Kristen Rubis of Olympia has many vocations: A yoga teacher, a massage therapist, a doula and a childbirth educator.
One thing Rubis never expected to be was a professional musician.
But Saturday night, Rubis is hosting a CD release party for her first album, “Sacred Sound Healing.” She plays singing bowls, bells, chimes and a gong on seven tracks.
“This wasn’t part of the plan,” she said. “I really didn’t think I would make a CD or be a musician. It’s like, ‘Oh, my gosh, what did I just do?’ ”
The journey from her other healing work to sound healing began when she experienced healing herself, working with an acupuncturist who used tuning forks. In healing work, the vibrating fork is touched to the body.
“It really was grounding for me, and it helped me to really come into my body,” Rubis said. “The sound was so calming to my nervous system. I would so look forward to it if I was really stressed out.”
She enjoyed it so much she began training in using the forks herself, and from there, “it’s just taken off,” she said. “I started collecting bowls.”
Today, she has seven crystal bowls and a dozen metal ones, as well as bells, chimes, a gong and tingshas — small cymbals used in Buddhist prayer and ritual.
At first, Rubis used sound to enhance relaxation and create a meditative state for massage clients and yoga students.
In the past year, though, she’s found herself touring through Washington and Oregon, giving sound-healing concerts and workshops that are as much about soaking in the sound as about doing yoga.
Rubis is self-taught at making music. “Anytime I ever play, it’s always spontaneous in the moment,” she said. “I listen with my hands and heart while I trust in the divinity of this sacred music.”
The recording session was no exception. She spent two days and came up with seven tracks, each using different combinations of instruments to create sounds that aim to soothe and can be used as a background to meditation, yoga, tai chi, bodywork or for listening anytime.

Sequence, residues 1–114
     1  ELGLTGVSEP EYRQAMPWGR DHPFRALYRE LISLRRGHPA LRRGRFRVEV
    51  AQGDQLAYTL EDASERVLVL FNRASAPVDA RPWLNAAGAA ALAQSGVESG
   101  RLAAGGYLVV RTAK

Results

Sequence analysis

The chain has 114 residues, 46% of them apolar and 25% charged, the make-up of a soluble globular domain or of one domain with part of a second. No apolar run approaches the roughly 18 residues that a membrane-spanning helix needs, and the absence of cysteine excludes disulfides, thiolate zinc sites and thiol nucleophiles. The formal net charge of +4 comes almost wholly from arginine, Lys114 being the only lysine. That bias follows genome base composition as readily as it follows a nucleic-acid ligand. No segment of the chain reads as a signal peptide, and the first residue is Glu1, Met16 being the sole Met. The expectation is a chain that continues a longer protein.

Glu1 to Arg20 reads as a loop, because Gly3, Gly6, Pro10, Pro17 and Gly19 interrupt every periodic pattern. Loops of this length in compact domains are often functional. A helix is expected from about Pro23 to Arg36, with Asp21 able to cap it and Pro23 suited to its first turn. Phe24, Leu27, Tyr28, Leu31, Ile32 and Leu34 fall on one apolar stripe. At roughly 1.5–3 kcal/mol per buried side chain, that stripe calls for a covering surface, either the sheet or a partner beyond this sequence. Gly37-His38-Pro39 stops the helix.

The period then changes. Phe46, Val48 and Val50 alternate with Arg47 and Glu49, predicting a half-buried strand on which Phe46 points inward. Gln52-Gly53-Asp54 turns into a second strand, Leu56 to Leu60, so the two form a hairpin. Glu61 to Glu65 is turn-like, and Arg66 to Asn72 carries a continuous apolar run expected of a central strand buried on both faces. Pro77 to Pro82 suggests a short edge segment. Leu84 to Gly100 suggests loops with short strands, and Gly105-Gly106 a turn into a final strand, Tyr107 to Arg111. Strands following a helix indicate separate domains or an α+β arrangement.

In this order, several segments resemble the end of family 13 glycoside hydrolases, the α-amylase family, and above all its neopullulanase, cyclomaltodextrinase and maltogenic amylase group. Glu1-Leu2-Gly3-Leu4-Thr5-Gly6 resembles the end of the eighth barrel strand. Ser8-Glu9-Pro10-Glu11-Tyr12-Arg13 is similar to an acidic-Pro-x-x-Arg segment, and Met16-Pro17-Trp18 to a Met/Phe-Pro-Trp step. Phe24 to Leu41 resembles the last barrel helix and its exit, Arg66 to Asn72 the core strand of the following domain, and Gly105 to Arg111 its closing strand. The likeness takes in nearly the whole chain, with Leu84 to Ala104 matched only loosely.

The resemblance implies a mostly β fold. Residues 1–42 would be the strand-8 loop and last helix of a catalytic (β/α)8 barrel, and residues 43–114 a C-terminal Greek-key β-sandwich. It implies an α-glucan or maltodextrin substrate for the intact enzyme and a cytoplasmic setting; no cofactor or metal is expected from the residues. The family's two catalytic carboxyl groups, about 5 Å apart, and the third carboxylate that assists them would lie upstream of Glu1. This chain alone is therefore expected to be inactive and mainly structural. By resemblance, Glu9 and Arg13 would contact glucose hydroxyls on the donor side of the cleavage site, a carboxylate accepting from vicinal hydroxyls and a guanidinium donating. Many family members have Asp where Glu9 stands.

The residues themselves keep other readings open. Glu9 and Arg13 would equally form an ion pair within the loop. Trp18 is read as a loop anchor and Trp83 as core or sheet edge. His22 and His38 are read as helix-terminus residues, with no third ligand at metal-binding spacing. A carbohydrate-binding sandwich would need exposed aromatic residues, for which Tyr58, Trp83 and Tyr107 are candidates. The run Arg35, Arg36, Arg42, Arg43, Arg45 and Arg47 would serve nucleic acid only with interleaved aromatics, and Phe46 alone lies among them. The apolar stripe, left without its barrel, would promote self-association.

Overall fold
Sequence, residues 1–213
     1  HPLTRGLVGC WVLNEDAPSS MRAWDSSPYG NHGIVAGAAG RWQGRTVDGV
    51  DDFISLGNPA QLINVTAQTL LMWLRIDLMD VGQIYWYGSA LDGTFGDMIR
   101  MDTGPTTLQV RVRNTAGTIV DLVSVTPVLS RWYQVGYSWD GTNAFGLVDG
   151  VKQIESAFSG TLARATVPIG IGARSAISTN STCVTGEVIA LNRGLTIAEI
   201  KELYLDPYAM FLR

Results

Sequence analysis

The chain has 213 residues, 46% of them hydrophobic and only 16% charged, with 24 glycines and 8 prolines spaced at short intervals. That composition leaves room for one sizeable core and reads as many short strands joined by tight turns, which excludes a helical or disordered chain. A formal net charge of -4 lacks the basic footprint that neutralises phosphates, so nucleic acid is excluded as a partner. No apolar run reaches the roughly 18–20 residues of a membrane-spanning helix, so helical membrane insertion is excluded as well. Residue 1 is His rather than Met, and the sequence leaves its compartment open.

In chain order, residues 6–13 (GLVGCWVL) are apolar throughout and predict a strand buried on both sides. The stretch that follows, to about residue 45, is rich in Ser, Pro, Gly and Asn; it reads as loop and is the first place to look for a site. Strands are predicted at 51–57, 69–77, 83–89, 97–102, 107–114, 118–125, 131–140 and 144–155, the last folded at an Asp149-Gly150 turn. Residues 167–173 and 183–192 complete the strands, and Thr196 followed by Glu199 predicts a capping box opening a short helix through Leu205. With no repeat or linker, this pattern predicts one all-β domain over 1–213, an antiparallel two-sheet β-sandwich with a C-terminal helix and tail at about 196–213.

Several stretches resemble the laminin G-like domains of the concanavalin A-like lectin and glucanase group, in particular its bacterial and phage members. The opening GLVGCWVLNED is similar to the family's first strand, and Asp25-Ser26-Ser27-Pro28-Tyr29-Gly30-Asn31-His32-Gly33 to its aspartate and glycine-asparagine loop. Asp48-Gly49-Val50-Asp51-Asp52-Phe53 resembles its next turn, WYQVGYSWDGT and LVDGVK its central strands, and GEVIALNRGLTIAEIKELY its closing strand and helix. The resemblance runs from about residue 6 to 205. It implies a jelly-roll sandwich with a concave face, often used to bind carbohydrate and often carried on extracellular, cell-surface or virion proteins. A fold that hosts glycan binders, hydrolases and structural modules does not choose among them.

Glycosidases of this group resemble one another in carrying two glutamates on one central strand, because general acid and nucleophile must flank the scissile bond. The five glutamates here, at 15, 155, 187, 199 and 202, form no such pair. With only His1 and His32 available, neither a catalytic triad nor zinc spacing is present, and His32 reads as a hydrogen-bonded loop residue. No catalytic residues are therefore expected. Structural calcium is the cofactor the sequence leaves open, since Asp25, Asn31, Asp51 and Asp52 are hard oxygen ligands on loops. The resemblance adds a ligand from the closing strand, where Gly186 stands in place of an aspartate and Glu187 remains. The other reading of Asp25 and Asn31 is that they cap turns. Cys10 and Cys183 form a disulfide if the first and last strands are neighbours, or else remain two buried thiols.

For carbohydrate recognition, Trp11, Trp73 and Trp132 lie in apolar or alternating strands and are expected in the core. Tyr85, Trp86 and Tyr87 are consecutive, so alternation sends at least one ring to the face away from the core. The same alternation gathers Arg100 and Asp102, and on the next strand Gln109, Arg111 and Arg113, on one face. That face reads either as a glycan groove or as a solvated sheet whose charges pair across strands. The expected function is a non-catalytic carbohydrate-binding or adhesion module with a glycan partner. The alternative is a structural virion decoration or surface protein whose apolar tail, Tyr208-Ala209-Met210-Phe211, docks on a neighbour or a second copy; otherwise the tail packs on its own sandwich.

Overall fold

“When I was editing the CD at home, I would sit there and listen to it and I would start to do stretches or I’d be washing the dishes,” she said. “It was inviting just to be in a more relaxed state while I was washing the dishes or cleaning the house.”
The tracks on “Sacred Sound Healing” are organized in order of the chakras, from root to crown, and each has a name that can inspire how a listener approaches the sound, including “Relax,” “Release” and “Rejoice.” The CDs are $15 each and will be available at the release party, at Traditions and Radiance and online at CDBaby, Amazon and iTunes.
While the sounds are pleasant, they also are meant to have an effect on the listener’s mind and body. Experts disagree on how great that effect might be, but it’s no stretch to say that music and sound affect people’s moods.
In a 2009 article in the New York Times, oncologist Mitchell L. Gaynor, an assistant professor of medicine at Weill Medical College of Cornell University in New York, said he uses singing bowls and chanting in weekly support groups for his patients, viewing them as a complement to conventional medicine.
Relaxation reduces stress hormones, the doctor told the Times, and that’s beneficial because stress can affect the immune system.
“Everything vibrates,” sound healer Phillippe Garnier of Woodstock, N.Y., said in an interview on the website selfgrowth.com. “We all vibrate at our own frequency. Different sounds can unblock certain vibrational energy where there’s congestion.” ‘Sacred Sound Healing’ CD release party
What: Sound healer Kristen Rubis is celebrating the release of her first CD with a gathering featuring her live music, time to mingle and refreshments including cupcakes and chai.
When: 5-8 p.m. Saturday with mini-concerts at 5, 6 and 7 p.m.
Where: The Yoga Loft, 219 Legion Way SW, Olympia
Information: 360-534-4716, sacredawakenings.org